Cheek lift

By Mayo Clinic Staff

(Synonyms: mid-facelift)

As we age, gravity pulls down on the cheek, flattening it. At the same time, the lower eyelid may droop, creating a sad or tired appearance.

A cheek lift or mid-facelift restores fullness to the cheek, softens deep lines extending from the corner of the nose to the corner of the mouth (nasolabial folds) and raises the outer portion of the eyebrow, creating a more rested and youthful appearance. The cheek lift may be done as a single procedure or with other facial surgeries.

What to expect

Under general anesthesia, the surgeon makes an incision above each ear beyond the hairline and in the gum line above each upper canine tooth. A stitch is placed inside each oral incision to catch the cheek pad. The stitch is then secured under the scalp.

A mid-facelift can dramatically change your appearance. Initially, the cheek pad is overcorrected, creating an unnatural smile. With time, the cheek settles into a more natural position. Dimpling may appear in each cheek and diminish over time. Most patients have temporary difficulty puckering their upper lips, making it difficult to drink from a cup or through a straw. Swelling and bruising around the eyes may occur, but can be decreased by elevating the head and using cold compresses on the eyes for three days. Most patients experience some aching in their cheeks, which can last for several months.


The risks associated with a cheek lift may include, but are not limited to:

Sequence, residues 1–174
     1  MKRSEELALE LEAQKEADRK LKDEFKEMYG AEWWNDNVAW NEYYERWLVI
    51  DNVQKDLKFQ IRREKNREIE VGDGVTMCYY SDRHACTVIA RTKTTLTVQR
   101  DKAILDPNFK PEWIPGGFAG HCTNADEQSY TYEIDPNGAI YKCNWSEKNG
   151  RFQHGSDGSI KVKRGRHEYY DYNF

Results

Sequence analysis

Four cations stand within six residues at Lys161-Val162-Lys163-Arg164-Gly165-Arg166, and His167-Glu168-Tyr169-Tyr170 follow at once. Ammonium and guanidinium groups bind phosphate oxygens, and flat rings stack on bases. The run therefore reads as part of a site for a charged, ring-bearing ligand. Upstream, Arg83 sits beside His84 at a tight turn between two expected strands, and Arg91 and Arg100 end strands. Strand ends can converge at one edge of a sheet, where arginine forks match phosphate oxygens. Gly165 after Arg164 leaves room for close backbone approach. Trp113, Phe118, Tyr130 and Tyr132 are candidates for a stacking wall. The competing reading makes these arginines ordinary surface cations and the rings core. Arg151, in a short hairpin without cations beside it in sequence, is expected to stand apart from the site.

• Problems related to anesthesia
  • Blood clot in leg (deep vein thrombosis) or lung (pulmonary embolism)
  • Hematoma (blood under the skin) or seroma (fluid under the skin), which can cause scarring, skin discoloration or an irregular surface
  • Infection
  • Hair loss along the incision
  • Healing problems
  • Facial numbness
  • Partial loss of facial expression
  • Facial weakness or paralysis; usually temporary; rarely permanent

The healing process requires patience. Although patients may feel able to return to regular activity within several weeks, healing can take as long as four months.

This procedure is performed by specialists in Facial Plastic and Reconstructive Surgery (Otorhinolarnygology).

Key Facts

Anesthesia: General anesthesia

Inpatient/outpatient: Same day or overnight in hospital

Length of procedure: 1 1/2 to 2 hours

Anticipate: Dimpling in each cheek and bruising around eyes (for at least three weeks); flattened upper lip

Discomfort: Moderate with prescription pain medications

Final result: 2 to 4 months

Duration of results: Typically 5 to 7 years

Nov. 30, 2016